Thanks again for sticking it out with me for a year. Exciting things are on the horizon, so stay tuned!

Friday, February 15, 2013

A Heart of Thanksgiving

I spent a portion of yesterday feeling sad. You see, in the midst of all the hustle and bustle and instagramming of roses & candy that was Valentine's Day, a somber event occurred. Around 1PM, Robert led a small group of individuals in some solemn thoughts about death, as a feeble gentleman sat on the front row, mourning the loss of his wife of nearly 52 years.

52 years. Should God give us until July, Robert and I will celebrate our 2nd wedding anniversary. These individuals had been married 50 years longer than Robert and I have been. These individuals were married 27 years before Robert and I came into existence. They spent a lifetime devoted to each other, and even as I leaned in and whispered my condolences to this man, he looked to his wife's casket and remarked how beautiful she looked. Their love was the defining characteristic of their lives.

In the midst of the sorrow that surrounds any funeral, you cannot help but feel a sense of thankfulness. And so, today, I felt the need to express my deepest and sincerest thanks to the God of not only the universe, but of my lowly existence. In the wake of such a love-centered day, will you join me, please, in thanking our Maker for the days He has allowed us to spend with our loved ones.

My Maker and My Father, I thank You for this day.
I thank You for the countless blessings You have sent my way.
I offer up sincerest thanks for each day with my loved ones.
Especially, my Father God, for days with my sweet husband.
My greatest need You have supplied, a chance at sweet salvation.
I thank You, my Almighty God, for Christ's propitiation.
I thank You for, not only that, but every other blessing.
Innumerable ones, new each day, I can't begin to start addressing.
So thank you, Father, for this day, and every one before.
And thank you, most of all, my God, for what you have in store.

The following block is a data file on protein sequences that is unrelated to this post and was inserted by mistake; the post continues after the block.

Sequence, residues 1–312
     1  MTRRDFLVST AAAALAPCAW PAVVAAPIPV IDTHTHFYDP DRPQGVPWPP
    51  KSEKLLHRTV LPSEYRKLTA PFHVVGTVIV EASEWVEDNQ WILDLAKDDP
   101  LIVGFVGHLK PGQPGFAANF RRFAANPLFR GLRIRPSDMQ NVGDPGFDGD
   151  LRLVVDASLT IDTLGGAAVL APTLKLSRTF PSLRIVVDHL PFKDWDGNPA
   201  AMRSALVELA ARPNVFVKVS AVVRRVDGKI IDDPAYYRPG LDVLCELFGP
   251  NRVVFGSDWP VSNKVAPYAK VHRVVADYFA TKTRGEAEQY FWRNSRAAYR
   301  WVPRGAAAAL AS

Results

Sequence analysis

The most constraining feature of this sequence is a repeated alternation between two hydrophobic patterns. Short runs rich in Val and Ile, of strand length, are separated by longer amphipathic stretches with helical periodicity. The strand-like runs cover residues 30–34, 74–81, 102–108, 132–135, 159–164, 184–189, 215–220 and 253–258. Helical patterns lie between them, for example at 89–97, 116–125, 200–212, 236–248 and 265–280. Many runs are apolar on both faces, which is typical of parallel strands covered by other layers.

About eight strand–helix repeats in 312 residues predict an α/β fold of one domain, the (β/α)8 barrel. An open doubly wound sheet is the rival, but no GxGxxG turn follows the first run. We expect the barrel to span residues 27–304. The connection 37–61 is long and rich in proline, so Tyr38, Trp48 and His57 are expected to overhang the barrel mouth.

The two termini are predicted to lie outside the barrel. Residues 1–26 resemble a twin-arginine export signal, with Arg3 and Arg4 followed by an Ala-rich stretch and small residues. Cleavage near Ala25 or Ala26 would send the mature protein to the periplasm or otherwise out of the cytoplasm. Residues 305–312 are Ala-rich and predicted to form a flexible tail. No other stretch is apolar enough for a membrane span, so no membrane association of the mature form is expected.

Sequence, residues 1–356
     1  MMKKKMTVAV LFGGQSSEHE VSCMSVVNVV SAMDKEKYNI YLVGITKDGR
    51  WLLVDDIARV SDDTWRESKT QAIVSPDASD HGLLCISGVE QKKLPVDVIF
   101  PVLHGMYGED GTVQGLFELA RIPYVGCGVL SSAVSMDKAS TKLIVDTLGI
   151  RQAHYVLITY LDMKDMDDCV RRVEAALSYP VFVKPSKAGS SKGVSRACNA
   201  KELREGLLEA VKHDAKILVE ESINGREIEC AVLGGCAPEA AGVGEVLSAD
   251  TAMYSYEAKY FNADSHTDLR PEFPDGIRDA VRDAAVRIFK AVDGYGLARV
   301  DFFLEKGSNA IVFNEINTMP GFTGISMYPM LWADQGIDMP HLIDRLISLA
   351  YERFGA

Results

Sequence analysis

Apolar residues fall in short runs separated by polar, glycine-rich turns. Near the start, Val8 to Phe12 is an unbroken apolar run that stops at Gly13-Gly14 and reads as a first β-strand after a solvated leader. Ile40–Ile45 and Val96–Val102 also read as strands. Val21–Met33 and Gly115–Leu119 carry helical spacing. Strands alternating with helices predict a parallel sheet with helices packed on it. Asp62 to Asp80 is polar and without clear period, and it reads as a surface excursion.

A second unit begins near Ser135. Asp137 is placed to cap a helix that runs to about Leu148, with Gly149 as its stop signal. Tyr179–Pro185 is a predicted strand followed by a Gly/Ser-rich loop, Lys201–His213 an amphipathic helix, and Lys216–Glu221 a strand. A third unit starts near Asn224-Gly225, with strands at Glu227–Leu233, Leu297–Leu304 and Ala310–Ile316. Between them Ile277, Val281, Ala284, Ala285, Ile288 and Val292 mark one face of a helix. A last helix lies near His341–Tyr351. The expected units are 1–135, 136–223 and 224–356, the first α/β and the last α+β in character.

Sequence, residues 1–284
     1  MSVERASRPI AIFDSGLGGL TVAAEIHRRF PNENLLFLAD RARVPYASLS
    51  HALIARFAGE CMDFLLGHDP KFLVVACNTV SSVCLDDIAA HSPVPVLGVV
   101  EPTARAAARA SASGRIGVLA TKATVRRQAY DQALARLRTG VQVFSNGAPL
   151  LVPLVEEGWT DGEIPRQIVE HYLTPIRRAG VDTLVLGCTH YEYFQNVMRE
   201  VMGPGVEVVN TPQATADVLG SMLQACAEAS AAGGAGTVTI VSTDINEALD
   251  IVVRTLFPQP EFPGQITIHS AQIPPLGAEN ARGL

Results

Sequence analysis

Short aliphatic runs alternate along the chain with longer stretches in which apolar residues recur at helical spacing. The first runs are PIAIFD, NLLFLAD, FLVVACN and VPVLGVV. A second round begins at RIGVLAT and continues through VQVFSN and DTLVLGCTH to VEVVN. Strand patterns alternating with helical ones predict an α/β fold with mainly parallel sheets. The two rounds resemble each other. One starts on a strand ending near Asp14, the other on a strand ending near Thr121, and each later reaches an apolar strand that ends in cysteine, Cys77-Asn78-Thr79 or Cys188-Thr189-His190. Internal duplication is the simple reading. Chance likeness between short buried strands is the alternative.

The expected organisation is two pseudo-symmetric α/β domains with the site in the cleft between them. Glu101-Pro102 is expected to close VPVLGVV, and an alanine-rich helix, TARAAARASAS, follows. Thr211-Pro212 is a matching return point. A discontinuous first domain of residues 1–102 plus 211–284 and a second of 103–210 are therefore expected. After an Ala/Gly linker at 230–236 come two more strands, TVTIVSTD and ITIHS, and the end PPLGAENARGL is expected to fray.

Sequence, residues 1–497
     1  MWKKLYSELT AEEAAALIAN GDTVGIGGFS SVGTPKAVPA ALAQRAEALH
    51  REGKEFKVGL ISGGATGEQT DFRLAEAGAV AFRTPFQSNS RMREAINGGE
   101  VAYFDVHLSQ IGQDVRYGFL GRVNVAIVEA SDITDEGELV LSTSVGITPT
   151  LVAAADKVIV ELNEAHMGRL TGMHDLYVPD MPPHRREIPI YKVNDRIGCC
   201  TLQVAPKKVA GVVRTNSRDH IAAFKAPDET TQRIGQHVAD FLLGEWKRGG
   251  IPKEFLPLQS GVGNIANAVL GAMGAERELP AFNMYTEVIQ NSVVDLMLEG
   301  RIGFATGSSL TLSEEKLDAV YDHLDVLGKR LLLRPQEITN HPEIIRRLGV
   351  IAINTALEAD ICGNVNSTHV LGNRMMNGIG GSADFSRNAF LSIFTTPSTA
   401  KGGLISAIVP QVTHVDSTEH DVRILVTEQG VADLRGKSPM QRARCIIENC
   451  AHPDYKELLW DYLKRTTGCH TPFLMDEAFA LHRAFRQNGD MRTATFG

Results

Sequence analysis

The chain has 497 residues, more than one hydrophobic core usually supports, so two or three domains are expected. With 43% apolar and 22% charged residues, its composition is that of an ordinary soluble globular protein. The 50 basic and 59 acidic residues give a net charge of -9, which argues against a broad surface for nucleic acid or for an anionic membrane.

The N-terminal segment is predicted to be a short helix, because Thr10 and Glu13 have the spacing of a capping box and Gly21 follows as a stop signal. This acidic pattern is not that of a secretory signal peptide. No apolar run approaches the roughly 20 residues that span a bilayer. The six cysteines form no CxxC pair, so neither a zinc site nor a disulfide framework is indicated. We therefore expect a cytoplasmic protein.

Thursday, February 14, 2013

My Valentine

In case you have ever wondered some of the ins and outs of mine and Robert's relationship beginnings, I am here to give you a link to the past! In preparing to write this post, I reread all of the 'month of love' posts I had written 2 years ago, and fell in love with my wonderful husband all over again. If you're interested, they're there for your viewing pleasure. If you're not interested, the link is there so I can easily go back over and read them anytime I want to!

Now, moving back to 2013. Ok, not really.

You see, February 14, 2013 is special for many reasons. 1: It's Valentine's Day, and who doesn't love Valentine's Day when you're married to an amazing person?! 2: It's the five year anniversary of mine and Robert's first date. Let the aww-ing begin!

You see, five years ago I didn't know what I was getting into. I knew that I was nervous. I knew that it was taking me far too long to get ready to go to the same restaurant I went to every Thursday evening with the same person I always went with. I knew that I was feeling really awkward when the same waitress at the same restaurant made a big deal about it just being the two of us. And I definitely remember wanting to crawl under the table when the same group of friends we always came with showed up later that evening and caught just the two of us.

What I didn't know, though, was that this handsome boy sitting across from me would become my husband (though, I may or may not have said he would be about a week later). I didn't know that he would completely change my life and make me a better person. I didn't know that I'd actually want to move back to the small town where he grew up. And I definitely didn't know that beautiful way he'd end up loving me.

While I am completely partial, I cannot help but love mine and Robert's story--the good and the bad. Why? Because it is uniquely us. From our first date to our first kiss to our wedding day...our story is uniquely us. And though it hasn't all been sunshine and rainbows, it has all been a part of God's design for two of His children, and I am forever thankful for that.

When I decided to go to Freed-Hardeman, I didn't think I'd quit the volleyball team. I didn't realize I'd be asked to start working at a TV station and ultimately decide to pursue broadcast journalism as my major. I definitely didn't realize that the boy I shameless made fun of in the Chinese restaurant would ever, ever become my best friend. And I didn't know that I'd start taking a broadcasting class and sit down beside the boy who would ask me to marry him. And yet, that's how it happened.

Five years later, I still get nervously excited about going on dates with my husband. Five years later, I am still beyond giddy to sit across from this handsome boy at restaurants. Five years later, I cannot imagine this amazing man not ever being in my life. While five years can seem like a long time in some respects, it honestly doesn't feel that long at all. Time with my Robert has flown by; especially the last year and a half. I am beyond blessed to be in a marriage covenant with such a godly, inspiring, wonderful man, and beyond blessed that he asked me out five years ago.

Wednesday, February 13, 2013

Go to the Source

In our teen girls Bible class on Sunday mornings, we're going through the women of the Bible and gleaning lessons from their extraordinary lives. This past week we talked about an unnamed woman, mentioned in the books of Luke and Mark and known mostly by her condition: having an incurable blood flow for 12 years.